Gen Z and online privacy: not what you think
<hl>From A to Z, Forget Everything You Believe About Gen Z and Online Privacy.<hl>
Every generation has its own point of view and approach towards technology. Gen Z, which includes those born between the years 1995-2010, brings a unique perspective when it comes to the issue of online behavior in general, and online privacy in particular. This is a generation of digital natives, who never knew a world without Google and grew up holding a smartphone and taking selfies. Understanding the minds of younger generations is always somewhat of a struggle, but as we examine this specific group, we learn that things are not at all as we expected.
It’s important that we get things right when it comes to this generation because, as Gen Z now enters the workforce, they soon will account for 40% of all US consumers. Their spending power, which is valued at $143 billion, is about to have a massive influence on pretty much any business sector we can think of. Money talks, and Gen Z’s capital has a few interesting comments to make about online privacy.
Myth #1: Gen Z has no expectations about their privacy
Some people believe that being digital natives means that Gen Zers didn’t experience a loss of privacy and consider this lack of boundaries a natural part of their world. This notion of disregard for their privacy is far from accurate. Research shows there are quite a few things Gen Z members don’t feel comfortable sharing, and they are far more selective and careful about the sort of information they send out into the world than one might think. For instance, location data is a sensitive topic for these young people, with 64% stating that they don’t feel comfortable sharing that information. The countless companies and apps tracking their location at any given moment may want to keep that in mind.
Myth #2: They trade their privacy for likes and shares
Sure, Gen Z members share a lot of information online, but do we really think that online popularity is so important to them it would completely replace the fundamental concept of private information?! Well, think again, because less than 20% stated that getting ‘likes’ is more important to them than keeping certain things private.
If anything, these digital natives know more about privacy settings than generations before them and feel very comfortable controlling and adjusting them according to their personal preferences. The result is a whopping 79% who change their privacy settings to limit the information they share and 60% who set their Facebook profile privacy to ‘Friends Only.’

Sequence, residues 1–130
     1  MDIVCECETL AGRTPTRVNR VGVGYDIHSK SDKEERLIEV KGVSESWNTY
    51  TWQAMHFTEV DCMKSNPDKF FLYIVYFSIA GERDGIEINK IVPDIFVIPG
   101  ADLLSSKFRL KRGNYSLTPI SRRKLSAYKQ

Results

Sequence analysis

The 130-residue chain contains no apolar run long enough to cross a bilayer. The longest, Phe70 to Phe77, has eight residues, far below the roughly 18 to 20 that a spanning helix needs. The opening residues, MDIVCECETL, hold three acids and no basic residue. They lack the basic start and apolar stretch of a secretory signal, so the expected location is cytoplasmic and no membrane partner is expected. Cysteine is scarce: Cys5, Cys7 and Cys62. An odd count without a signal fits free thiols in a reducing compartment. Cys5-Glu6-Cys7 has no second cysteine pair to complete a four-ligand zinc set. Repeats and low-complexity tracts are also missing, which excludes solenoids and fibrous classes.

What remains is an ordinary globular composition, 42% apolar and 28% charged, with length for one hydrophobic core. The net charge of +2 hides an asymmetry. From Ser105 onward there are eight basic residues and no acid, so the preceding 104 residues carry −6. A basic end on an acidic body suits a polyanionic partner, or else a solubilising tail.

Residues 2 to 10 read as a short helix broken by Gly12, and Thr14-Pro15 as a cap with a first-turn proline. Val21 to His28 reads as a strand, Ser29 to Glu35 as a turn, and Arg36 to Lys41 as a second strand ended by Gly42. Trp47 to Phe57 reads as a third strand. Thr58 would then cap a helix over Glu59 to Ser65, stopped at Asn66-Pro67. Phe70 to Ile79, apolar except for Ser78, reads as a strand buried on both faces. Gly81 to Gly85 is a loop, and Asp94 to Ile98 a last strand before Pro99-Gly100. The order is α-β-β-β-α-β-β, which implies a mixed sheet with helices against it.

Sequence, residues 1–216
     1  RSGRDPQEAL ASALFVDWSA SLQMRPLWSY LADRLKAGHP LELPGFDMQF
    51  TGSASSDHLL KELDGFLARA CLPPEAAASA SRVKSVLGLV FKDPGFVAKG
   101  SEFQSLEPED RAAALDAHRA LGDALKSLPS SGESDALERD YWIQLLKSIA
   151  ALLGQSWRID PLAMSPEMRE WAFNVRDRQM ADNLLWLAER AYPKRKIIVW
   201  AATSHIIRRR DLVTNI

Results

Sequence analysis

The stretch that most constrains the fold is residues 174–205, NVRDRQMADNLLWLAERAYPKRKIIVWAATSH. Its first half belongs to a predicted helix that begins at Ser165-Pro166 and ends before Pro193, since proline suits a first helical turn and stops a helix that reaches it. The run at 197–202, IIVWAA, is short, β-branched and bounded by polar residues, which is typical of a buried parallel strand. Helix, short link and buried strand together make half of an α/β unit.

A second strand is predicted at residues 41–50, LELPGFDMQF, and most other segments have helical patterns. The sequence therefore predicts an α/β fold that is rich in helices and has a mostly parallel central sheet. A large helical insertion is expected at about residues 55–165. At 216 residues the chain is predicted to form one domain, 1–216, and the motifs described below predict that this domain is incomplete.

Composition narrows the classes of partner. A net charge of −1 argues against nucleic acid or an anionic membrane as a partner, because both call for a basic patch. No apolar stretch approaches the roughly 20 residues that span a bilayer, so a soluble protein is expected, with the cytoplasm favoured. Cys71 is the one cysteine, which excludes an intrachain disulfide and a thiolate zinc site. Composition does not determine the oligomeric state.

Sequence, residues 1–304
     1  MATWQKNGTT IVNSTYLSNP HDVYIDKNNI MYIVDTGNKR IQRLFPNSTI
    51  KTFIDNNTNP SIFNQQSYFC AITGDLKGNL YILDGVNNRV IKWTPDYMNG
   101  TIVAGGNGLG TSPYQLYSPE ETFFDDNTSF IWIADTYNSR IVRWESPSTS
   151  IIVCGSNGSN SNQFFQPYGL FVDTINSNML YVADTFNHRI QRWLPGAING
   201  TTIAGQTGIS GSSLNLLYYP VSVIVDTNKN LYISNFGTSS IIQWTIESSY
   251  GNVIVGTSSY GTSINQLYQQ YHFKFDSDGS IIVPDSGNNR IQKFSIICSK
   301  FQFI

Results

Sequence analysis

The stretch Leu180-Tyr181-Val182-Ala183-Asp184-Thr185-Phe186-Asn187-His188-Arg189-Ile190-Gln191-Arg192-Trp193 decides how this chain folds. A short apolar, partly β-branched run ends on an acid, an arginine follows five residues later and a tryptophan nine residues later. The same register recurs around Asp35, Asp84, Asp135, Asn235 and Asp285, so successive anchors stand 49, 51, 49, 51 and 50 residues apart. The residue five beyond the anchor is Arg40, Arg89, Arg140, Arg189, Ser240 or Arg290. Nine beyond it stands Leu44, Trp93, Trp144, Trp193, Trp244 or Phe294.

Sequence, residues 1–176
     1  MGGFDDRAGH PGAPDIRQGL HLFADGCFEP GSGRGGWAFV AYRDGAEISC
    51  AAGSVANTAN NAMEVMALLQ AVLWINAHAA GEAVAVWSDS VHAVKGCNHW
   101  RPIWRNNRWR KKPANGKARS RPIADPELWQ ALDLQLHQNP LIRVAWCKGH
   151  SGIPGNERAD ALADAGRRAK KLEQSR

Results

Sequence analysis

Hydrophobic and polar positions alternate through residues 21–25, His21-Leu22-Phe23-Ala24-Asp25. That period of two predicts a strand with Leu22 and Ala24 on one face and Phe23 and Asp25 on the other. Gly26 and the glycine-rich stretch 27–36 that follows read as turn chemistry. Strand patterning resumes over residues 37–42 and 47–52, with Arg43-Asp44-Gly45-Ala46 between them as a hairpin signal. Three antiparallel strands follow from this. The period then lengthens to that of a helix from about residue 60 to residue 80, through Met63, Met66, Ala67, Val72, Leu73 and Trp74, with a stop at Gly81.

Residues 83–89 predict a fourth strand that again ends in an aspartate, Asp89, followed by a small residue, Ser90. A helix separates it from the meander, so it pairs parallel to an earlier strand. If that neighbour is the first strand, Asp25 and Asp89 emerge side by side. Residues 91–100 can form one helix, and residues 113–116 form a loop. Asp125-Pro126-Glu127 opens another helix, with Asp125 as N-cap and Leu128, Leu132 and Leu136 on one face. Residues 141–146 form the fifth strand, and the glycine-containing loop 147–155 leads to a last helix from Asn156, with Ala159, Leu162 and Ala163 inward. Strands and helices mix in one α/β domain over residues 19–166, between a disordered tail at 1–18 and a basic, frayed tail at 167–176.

Myth #3: Gen Zers are indifferent about companies using their personal data
While members of this generation understand that every web search and online purchase is being monitored and recorded, that’s not OK with them. If you thought the Gen Z attitude towards online privacy could be described using the shrugging emoji, please know that nearly 70% of today’s teens expect brands and websites to ask for permission before using their data.
We must remember that this generation’s purchasing behavior is highly influenced by the values they support and their personal belief system. More than ever before, the way companies behave online might cause irreversible damage to how their existing and potential customers view their brand.
Myth #4: They underestimate the value of their personal data
We’ve mentioned that likes and shares are not enough of an incentive for this age group, but Gen Zers are willing to become more flexible about their information, just as long as they feel like they get enough value in return. They know the value of their data, and they are not shy of demanding something worthwhile in return.
Almost half of Gen Z consumers will provide personal data to brands if they use it to create a more personal, tailored experience. This is excellent news for brands, but we must still remember that the ideas of consent and transparency require that brands explain why they need this specific data and how it is about to be used.
Myth #5: Gen Z has no data security standards
Even though hackers have become an integral part of Gen Z members' world, this does not mean that they are less feared by them. It’s interesting to note that while different age groups vary in their approach towards many aspects of technology, the one thing everyone agrees on is that cybersecurity and protecting their online data is highly important.
This generation knows better than to click every link in every email and understands that no “Nigerian Prince” just randomly gives strangers his money. The same approach is evident when examining their feelings regarding brands and websites breaching their privacy without consent or selling their data to third parties. The severity of these actions is finally being viewed for what it is - a serious violation of their rights.
Just because this specific age group feels more comfortable around technology and quickly adjusts to new innovations, that doesn’t mean that they will accept anything if it contradicts what is known to be right. With the right technologies at Gen Z’s service, brands, and websites who ignore these signs are about to learn that users are now back in the driver’s seat and are reclaiming their data.